Four Ways to Determine a Quality Suit

A good suit can make you look and feel amazing.  It can arm you with confidence and give you an edge. When buying a suit consider canvas, details, designer and cost to know you are adding quality and style to your wardrobe. 

Canvas

A quality jacket will have a full canvas layer. Cheaply made suits have a lining that is glued or fused.  The benefit of a fully canvassed jacket is that the fabric will drape naturally. When the lining is glued, the garment will appear stiff and will move in an unnatural way. A half canvassed jacket will be somewhat more affordable, and can still have the benefits of a canvassed jacket.

To tell if a jacket is full canvas, pinch the layers of fabric between the button holes. You should feel three layers. If you feel two layers, the jacket is half canvas. One layer means the lining is glued or fused.


Details

The S number on the label of a wool suit refers to the fineness of the wool as measured in micrometers. The higher the number, the finer the fabric. An example might be a Super 120's wool suit. Higher thread counts are generally softer to the touch. 

To gauge the quality of a suit fabric you can clench the sleeve and hold it for a few seconds. When released, the fabric should bounce back to its natural shape quickly.

Buttons should not be made of plastic. Natural materials such as tortoise, buffalo horn or Mother of Pearl are indicators of quality. Look for details such as hand stitching around the lapel or button holes and beautiful jacket interiors.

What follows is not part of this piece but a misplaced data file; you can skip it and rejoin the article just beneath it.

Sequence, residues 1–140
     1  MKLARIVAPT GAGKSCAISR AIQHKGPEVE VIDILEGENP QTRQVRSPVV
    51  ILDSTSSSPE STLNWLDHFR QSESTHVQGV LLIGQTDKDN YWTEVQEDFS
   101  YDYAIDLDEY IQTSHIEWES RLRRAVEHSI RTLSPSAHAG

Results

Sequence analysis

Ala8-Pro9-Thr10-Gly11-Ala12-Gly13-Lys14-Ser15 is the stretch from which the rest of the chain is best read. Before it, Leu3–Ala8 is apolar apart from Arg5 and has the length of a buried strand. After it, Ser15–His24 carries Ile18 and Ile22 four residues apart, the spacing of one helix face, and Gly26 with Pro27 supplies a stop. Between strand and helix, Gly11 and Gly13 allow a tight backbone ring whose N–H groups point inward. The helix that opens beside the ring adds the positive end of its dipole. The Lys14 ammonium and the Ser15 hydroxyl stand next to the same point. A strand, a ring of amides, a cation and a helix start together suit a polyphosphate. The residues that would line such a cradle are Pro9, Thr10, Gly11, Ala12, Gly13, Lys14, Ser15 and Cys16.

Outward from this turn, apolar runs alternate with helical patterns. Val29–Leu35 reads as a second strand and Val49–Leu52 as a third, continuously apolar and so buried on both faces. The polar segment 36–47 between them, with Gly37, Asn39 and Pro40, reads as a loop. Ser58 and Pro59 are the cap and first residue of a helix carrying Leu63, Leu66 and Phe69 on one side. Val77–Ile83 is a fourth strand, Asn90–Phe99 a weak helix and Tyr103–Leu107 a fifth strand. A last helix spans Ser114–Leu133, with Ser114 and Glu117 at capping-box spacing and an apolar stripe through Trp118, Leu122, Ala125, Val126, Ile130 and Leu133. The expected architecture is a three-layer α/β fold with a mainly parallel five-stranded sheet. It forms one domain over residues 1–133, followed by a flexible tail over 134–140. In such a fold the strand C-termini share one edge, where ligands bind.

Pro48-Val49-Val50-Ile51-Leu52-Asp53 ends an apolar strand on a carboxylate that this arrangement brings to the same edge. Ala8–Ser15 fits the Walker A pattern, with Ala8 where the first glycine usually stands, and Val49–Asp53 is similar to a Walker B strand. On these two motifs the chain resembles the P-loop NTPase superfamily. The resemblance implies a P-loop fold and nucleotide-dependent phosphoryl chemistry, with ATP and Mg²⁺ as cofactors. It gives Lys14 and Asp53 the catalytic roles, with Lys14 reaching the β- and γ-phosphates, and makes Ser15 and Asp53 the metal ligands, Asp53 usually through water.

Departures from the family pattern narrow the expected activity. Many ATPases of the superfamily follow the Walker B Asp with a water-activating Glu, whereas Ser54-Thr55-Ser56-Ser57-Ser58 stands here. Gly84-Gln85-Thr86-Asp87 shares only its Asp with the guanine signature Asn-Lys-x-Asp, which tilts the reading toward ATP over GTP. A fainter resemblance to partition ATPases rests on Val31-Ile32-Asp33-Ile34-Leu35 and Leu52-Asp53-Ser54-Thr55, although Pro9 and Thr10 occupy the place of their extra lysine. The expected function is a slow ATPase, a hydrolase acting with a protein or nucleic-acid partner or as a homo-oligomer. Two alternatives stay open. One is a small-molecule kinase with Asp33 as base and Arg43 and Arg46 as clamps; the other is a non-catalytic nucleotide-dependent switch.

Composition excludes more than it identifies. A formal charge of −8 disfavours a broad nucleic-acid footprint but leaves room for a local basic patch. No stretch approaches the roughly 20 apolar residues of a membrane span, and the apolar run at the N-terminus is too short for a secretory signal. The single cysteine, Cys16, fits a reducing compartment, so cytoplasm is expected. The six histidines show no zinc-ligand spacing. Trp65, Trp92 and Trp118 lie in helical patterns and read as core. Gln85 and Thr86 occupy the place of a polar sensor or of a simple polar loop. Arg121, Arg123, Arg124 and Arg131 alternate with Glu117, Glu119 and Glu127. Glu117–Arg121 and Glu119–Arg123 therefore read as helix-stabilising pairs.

Designer

What's in a name? Certain designers are renowned for their quality craftsmanship. A Kiton suit for instance requires 25 to 50 hours of handiwork. There is a level of excellence and pride that is expected from particular design houses that you can count on. Look at labels.

Where was the suit made? Countries such as Italy and Switzerland are known for quality craftsmanship.

Cost

Sometimes you do get what you pay for. Quality isn't cheap. Luxury clothiers source the best materials from around the globe to construct a high-end suit. Fine fabrics, hand stitching, rich colors and patterns, natural fibers such as wool, silk, and Mother of Pearl require you spend more. This will be reflected in the way you look and feel. A good suit is an investment piece.


Quintin Joseph suggests:


Etro Navy Suit
Made in Italy

Tom Ford Blue Suit
Made in Switzerland

Ermenegildo Zegna Navy Couture Suit
Made in Switzerland

Thom Browne Silver Stripe Suit
Hand Made in the USA



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